Kemerovo’s Azasskaya cave, perhaps inhabited by abominable snowmen.
There's a high likelihood that hairs recovered during a state-sponsored expedition in a southern Siberian cave came from a yeti, a prominent Russian cryptozoologist said Tuesday.
Valentin Sapunov, a professor at the State Hydrometeorological University in St. Petersburg, told The Moscow Times that DNA analysis and examination under an electron microscope had led him to be "60-70 percent" certain that the hairs belonged to a yeti-like creature.
The fur was recovered during a trip to the Azasskaya cave in the Kemerovo region, part of a yeti conference held at the initiative of Governor Aman Tuleyev last October.
Attendees included yeti enthusiasts from around the world as well as former heavyweight boxer Nikolai Valuyev, who was then a candidate for a State Duma post, which prompted Nina Ostanina, a Communist Duma deputy from Kemerovo, to dismiss the event as a publicity stunt.
Yeti buffs also criticized the expedition as a PR ploy.
"There was no expedition. The conference participants were accompanied by the press on a field trip to a cave site. It is my opinion that the 'evidence' found in the cave was unreliable," said Jeff Meldrum, a biologist at Idaho State University and cryptozoologist.
Meldrum, who took part in the expedition, added that the footprints in the cave, a "short line of right feet only," were not convincing, and the "nest" of ferns had never been slept in.
"There was no other sign of occupation in the cave, except a few empty soda cans and snack food wrappers," he wrote in e-mailed comments to The Moscow Times on Tuesday.
Meldrum and Sapunov are part of a handful of professional scientists actively searching for abominable snowmen, whose existence is denied by the mainstream scientific community but who continue to captivate the imagination of enthusiasts worldwide.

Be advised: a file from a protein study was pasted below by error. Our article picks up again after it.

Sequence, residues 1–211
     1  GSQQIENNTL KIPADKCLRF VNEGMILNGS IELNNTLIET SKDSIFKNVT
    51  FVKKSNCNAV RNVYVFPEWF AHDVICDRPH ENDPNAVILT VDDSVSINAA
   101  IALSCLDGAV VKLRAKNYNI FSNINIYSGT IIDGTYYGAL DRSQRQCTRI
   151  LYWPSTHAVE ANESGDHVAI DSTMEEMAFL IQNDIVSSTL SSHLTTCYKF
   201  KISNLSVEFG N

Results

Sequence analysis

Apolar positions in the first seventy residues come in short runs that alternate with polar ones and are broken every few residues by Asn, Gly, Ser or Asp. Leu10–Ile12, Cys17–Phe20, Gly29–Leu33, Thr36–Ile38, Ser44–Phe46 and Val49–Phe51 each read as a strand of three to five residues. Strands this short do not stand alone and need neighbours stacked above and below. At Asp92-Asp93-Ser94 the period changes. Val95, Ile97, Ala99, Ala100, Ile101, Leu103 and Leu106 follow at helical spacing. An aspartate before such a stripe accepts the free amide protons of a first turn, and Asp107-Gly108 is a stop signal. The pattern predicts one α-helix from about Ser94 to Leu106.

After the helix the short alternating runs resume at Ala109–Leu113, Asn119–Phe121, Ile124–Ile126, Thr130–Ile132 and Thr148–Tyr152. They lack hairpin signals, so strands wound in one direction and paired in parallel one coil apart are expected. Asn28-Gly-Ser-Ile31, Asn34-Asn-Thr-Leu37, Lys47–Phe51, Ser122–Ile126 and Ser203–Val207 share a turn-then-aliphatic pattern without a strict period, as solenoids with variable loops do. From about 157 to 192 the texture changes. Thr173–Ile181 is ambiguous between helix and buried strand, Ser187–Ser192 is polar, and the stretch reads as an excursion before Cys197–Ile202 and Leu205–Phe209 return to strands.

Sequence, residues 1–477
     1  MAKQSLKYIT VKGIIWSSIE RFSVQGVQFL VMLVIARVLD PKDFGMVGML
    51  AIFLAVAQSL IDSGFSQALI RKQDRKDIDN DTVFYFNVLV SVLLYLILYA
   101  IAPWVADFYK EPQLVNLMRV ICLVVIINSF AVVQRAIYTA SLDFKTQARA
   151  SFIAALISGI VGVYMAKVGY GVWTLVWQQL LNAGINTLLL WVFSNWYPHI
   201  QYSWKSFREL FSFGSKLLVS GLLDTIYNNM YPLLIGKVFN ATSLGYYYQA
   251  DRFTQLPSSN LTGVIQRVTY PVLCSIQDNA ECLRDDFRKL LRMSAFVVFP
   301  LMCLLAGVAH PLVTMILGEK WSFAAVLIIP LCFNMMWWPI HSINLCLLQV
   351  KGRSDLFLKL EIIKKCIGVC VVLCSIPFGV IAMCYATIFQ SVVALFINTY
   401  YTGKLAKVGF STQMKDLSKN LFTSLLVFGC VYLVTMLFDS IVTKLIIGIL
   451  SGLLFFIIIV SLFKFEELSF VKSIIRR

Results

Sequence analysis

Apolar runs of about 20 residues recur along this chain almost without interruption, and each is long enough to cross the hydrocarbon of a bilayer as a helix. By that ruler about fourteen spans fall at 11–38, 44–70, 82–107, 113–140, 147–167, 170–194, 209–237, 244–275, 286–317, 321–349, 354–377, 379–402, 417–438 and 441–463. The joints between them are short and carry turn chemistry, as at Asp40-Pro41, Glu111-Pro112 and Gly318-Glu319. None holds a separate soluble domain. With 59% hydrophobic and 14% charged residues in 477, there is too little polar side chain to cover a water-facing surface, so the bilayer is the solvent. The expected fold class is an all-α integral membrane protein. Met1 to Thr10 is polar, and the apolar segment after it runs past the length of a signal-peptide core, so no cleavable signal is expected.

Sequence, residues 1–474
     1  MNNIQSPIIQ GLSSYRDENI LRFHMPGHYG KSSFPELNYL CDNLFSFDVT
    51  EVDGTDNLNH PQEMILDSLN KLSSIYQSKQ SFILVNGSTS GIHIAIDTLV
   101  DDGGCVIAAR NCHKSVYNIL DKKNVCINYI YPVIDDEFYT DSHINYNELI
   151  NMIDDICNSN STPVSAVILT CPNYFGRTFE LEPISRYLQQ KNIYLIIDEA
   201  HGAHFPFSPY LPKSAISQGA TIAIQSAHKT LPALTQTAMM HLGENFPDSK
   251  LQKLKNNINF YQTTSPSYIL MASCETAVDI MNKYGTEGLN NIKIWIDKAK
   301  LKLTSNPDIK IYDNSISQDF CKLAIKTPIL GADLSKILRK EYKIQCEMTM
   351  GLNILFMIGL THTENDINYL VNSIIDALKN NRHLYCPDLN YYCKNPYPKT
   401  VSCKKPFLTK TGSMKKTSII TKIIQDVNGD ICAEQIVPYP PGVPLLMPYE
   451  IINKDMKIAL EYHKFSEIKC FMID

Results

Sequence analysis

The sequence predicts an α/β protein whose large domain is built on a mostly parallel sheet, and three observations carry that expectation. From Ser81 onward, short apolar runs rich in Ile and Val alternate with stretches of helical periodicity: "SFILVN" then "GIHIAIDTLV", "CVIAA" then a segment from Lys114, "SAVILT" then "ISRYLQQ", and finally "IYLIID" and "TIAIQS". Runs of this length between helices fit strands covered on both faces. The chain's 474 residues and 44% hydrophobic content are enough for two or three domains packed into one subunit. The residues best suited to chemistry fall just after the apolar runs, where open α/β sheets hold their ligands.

Based on the evidence accumulated over decades, Sapunov said he's now "95 percent" certain that the creatures are real.
His latest announcement was hailed by the Kemerovo regional government in a press release. Tuleyev has promised a 1 million ruble ($32,000) prize to anybody who can present an actual yeti.
Arkady Tishkov, deputy head of the Academy of Sciences' Geography Institute, suggested in an interview with The Moscow Times last year that the yeti conference could attract tourists.
Some 1,000 yeti sightings have been claimed in the former Soviet Union. They range from the Caucasus to Siberia and more recently also in the Kirov region northeast of Moscow, where a yeti was said to be discovered in the Vyatsky forest.
Sapunov said he wasn't discouraged by skeptics, arguing that there was more evidence for the existence of yetis than for many of the other 5 million documented species, some of which are recognized on the basis of a single bone, he said.
He also attested to the scientific value of searching for an elusive object. "Every science needs its yeti," he said, noting that Fermat's Last Theorem spurred advancements in mathematics for more than 350 years before it was solved in 1995.